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Mediation in Florida Workers’ Compensation Cases

If you’re injured at work, there are laws to assist you with payment of medical expenses and lost compensation until you can return to your job. In Florida, most employers are required to carry workers’ compensation insurance to provide you with the compensation you need to get back to work. The workers’ compensation claim process starts when you file your claim with the Florida Division of Workers’ Compensation, but it can be complicated if your employer contests the allegations and refuses to pay. In such situations, you may be required to go to workers’ compensation mediation to resolve disputed issues, so it’s helpful to understand the basics.

How does mediation work in a workers’ compensation case?

Florida law requires parties in a workers’ compensation dispute to go through mediation before a claim for benefits can be presented to a judge at an official hearing. An injured worker triggers the mediation process when he or she files a Petition for Benefits for compensation that the employer refuses to provide. Mediation is an informal session where the employee, employer, and workers’ compensation insurer gather to discuss contested issues included in the Petition. A professional mediator is also present to guide the parties in conversation, with the goal of reaching compromise on disputed matters.

What are the basics of the mediation process?

The parties, their lawyers, or the state mediator’s office will schedule the mediation, which must be conducted within 130 days after filing the Petition. The session takes place at the state mediator’s office, and there is no charge to any of the parties for the mediator’s services. During the session, the parties will discuss the facts stated in the Petition, through other issues may arise if they agree as such.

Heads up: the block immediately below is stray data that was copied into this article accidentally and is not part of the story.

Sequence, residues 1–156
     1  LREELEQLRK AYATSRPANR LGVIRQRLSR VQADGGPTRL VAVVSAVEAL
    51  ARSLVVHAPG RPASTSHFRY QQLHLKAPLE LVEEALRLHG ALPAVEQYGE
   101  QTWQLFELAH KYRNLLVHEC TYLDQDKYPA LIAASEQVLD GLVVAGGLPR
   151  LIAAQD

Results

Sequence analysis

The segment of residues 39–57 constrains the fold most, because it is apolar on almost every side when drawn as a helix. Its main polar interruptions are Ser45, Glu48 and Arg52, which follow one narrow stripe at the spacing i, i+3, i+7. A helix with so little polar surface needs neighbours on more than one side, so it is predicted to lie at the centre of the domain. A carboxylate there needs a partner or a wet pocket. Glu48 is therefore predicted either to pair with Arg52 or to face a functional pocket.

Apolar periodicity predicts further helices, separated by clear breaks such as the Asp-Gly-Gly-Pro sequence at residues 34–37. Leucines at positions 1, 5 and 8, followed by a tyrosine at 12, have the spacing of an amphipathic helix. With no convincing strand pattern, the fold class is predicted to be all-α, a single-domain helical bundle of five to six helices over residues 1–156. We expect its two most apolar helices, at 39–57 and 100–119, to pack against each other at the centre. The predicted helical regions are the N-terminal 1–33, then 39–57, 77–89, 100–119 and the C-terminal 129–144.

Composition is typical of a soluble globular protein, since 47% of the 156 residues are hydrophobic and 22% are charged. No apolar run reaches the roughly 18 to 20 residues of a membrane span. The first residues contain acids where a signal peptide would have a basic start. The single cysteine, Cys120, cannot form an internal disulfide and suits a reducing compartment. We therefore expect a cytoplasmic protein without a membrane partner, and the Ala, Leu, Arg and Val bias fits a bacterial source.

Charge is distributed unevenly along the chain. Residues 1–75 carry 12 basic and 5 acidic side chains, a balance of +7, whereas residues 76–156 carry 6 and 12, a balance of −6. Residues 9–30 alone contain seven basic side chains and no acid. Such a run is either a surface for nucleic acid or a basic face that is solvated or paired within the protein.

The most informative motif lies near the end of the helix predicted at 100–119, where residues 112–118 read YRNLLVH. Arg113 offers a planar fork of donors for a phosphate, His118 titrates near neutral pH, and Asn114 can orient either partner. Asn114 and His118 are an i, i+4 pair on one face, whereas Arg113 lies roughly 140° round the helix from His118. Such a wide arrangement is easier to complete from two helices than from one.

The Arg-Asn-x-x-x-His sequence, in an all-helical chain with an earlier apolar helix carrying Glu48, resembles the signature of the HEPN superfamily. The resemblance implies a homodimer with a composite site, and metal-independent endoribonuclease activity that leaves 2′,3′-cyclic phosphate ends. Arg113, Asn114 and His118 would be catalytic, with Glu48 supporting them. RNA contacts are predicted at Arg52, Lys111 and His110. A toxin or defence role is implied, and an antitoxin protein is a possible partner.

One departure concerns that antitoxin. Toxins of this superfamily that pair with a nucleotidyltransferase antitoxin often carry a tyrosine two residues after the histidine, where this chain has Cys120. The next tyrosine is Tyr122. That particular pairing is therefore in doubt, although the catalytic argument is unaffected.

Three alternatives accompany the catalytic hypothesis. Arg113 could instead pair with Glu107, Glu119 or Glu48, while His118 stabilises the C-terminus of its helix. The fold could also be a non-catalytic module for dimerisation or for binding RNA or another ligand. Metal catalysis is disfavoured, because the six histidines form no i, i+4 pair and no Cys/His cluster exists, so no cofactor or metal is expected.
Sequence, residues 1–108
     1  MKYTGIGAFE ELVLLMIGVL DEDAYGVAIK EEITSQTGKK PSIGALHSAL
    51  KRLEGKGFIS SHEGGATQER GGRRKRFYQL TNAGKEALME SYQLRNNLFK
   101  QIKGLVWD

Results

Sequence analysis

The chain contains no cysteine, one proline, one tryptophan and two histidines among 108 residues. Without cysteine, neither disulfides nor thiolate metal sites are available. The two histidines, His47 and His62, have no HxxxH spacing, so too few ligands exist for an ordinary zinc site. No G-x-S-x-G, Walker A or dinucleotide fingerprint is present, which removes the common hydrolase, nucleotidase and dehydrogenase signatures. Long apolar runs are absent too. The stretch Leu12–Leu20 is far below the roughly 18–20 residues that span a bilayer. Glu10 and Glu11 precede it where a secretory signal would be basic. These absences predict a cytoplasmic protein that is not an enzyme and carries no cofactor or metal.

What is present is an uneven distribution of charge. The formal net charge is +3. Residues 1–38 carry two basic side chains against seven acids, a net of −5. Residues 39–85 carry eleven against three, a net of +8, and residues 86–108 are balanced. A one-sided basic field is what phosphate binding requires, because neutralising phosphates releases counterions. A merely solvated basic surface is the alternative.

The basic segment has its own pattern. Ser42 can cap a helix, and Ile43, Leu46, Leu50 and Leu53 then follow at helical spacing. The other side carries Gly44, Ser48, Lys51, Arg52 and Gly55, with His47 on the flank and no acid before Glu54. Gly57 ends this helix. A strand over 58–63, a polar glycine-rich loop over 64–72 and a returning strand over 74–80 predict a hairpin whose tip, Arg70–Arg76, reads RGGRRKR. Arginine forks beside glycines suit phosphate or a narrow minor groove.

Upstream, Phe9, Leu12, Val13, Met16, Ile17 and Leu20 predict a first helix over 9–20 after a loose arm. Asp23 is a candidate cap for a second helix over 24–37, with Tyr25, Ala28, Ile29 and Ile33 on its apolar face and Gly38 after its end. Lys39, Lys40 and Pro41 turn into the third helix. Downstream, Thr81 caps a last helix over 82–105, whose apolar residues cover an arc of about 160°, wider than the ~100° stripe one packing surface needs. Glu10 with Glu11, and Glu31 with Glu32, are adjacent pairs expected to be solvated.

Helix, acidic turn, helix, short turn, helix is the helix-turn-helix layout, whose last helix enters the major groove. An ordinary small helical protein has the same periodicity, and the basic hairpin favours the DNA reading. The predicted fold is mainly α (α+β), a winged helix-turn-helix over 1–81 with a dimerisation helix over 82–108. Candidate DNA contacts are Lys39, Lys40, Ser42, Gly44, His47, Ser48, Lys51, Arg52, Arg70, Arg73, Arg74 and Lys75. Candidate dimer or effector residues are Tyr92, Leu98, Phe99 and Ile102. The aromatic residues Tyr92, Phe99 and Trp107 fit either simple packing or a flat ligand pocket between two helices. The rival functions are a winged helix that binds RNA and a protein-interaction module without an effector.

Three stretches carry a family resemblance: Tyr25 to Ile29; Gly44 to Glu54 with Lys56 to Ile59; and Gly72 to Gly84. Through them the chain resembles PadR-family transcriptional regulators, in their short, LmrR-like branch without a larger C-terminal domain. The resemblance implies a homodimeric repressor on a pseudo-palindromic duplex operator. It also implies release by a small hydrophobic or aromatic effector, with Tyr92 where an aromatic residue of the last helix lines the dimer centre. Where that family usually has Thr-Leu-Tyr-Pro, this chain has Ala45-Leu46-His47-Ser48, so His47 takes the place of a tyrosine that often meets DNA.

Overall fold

At times, the employer and/or insurance company may mention the possibility of a lump sum settlement amount to resolve all claims that the employee makes. Under this type of arrangement, the worker releases all claims, which means there is no right to pursue any past or future workers’ compensation benefits.

A mediation may be completed in just a few hours, a full day, or several days. The session continues until the parties reach a compromise on all disputed issues, or until they determine that resolution won’t be possible.

Is mediation the end of my case?

If you’re able to agree, the mediator will notify the workers’ compensation judge that all outstanding issues are resolved and the case is closed. Unresolved issues go to a final hearing with the judge, who schedules the matter within 210 days from the filing of the Petition.

Every Florida workers’ compensation mediation case is different, so it’s important for claimants and their attorneys to work with a qualified mediator during the process. Experienced mediation professionals have the training and credentials to encourage cooperation among the parties. A skilled mediator works to increase the likelihood of a fair, equitable arrangement that avoids expensive litigation. If you have additional questions about how mediation works in Florida workers’ compensation matters, please contact the Tampa office of Feldman Mediation & Arbitration Services. Our mediation professionals can provide more information on the process and discuss your options.

Resource:

myfloridacfo.com/division/wc/

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